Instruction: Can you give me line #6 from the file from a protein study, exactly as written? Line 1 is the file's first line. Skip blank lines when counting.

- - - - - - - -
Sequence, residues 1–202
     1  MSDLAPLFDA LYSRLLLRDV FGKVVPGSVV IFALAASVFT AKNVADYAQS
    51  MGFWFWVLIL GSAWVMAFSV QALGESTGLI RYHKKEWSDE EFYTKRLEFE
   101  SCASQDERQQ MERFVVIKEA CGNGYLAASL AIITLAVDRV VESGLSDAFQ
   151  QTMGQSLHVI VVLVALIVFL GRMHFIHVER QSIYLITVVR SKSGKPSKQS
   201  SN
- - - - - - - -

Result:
   201  SN